I also suggested painting the very high ceiling darker. The walls above the tiles, the architraves, doors and other architectural features will be painted white to match the wall tiles. The aim of the white colour scheme is to make the rooms appear bigger. This bathroom is not open plan like many modern bathrooms. There is a separated toilet, sink room and the bathroom has a bath, shower and vanity (see floor plan and elevations above).   

Both sink cabinets will be custom made. The doors will be white and the bench top in a colour to match one of the suggested colours schemes presented on the sample boards. This will add another horizontal line of colour overcoming the verticality of the room.   

We (that is the architect and I) spent some time consulting with the client and I presented the client with a number of sample boards to help him visualise the different colour options for the room and help him make decisions. There is another bathroom and one of the suggested colour schemes will be used for that room.

Well that’s all for this week. The creative Edwardian buzz continues…..
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Saturday, January 8, 2011

Edwardian, Federation and/or Queen Anne instead of Art Deco

caerleon, sydneyImage via Wikipedia
As I explained in my last blog I am working on an Edwardian restoration. On my first visit on site I realised my creative buzzing about Art Deco may need to be revised. Although built in the 1920s the house was Edwardian with features from other eras. On my second visit I noted numerous variations.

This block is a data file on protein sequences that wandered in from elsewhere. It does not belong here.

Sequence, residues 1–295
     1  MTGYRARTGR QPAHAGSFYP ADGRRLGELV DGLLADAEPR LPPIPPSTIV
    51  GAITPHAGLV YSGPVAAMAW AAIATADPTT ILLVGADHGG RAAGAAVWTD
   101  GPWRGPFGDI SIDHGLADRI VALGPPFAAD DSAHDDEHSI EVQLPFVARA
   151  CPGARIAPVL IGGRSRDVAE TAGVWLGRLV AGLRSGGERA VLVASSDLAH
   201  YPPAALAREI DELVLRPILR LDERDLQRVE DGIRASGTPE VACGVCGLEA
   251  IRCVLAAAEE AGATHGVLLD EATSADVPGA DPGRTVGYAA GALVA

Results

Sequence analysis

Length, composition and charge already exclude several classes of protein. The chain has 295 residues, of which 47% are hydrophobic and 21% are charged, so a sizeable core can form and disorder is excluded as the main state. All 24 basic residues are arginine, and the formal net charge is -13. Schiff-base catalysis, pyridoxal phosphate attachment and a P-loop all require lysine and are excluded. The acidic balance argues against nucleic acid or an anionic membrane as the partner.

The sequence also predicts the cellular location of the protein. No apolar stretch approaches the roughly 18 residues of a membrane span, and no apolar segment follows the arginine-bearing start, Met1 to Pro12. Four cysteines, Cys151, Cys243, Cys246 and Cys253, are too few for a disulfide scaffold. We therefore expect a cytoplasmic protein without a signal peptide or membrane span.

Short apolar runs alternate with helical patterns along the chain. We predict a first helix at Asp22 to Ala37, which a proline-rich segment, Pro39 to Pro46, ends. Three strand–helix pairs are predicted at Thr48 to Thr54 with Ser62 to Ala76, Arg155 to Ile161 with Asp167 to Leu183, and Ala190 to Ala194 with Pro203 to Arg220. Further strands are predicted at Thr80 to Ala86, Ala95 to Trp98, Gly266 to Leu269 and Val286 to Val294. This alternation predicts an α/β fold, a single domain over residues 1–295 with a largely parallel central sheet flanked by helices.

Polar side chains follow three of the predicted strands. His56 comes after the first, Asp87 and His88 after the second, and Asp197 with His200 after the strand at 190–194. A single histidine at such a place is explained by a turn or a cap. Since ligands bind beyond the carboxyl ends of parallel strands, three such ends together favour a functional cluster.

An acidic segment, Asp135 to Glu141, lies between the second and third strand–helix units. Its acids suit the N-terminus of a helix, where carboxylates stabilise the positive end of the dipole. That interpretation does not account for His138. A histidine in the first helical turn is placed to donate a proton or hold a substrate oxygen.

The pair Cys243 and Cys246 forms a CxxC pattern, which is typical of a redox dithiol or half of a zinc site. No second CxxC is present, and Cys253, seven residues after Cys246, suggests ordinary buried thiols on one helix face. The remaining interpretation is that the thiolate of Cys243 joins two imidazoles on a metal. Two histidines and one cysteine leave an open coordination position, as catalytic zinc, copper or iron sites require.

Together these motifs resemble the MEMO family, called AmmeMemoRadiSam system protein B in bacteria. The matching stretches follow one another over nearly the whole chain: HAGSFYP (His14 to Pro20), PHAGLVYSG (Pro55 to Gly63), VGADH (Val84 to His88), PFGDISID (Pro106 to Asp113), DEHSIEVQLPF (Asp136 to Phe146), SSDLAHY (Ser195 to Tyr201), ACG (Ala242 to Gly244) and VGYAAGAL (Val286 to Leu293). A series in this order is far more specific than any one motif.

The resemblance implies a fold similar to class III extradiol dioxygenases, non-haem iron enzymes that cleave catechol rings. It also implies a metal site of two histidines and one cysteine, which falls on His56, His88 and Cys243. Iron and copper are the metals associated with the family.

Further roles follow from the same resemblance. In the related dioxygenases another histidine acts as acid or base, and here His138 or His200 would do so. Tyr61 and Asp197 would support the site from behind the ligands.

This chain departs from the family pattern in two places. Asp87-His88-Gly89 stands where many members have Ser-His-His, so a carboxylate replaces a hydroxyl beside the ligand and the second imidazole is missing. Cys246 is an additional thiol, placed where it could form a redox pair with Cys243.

The house above is Caerleon found in Belleve Hill Sydney. Many consider it one of the best examples of  the Queen Anne style built in Australia.  

The Edwardian style a term used by some really denotes a time in history in the early 1900s. The style was influenced by the Queen Anne style popular in England from about 1700 to 1720. It was an unpretentious era with warm colours, restrained ornament and a sense of spaciousness. Furniture was designed in simple curving shapes with little carving. The cabriole leg is a feature of the era. Indian prints and crewel prints were popular and the scallop shell was one of the main motifs.

A style of architecture popular in Australia during the early 1900s was the Federation Style. Last year I did a blog on the Australian Federation Style. So if you are interested please refer back to that blog for more information.

Some Edwardian Exterior Features
  • Walls are usually of red faced brick
  • Slate with terracotta edging or marselles terracotta tiles was used on the roof
  • In country areas corrugated iron roofing was used and painted Tile Red
  • The broken roofline has many gables
  • Faced red brick chimney stacks with brick corbels and motifs and terracotta chimney pot with hat
  • Shades of green or cream to buff were the most popular outdoor colour schemes
  • Mid buff and beige was also a common colour combination during this era
  • Deep Indian Red was used on window sills
  • The front door often had many panels painted in red oxide or forrest green with asymmetrical sidelights
  • Double Hung leadlight windows have colourful stained glass in Art Nouveau patterns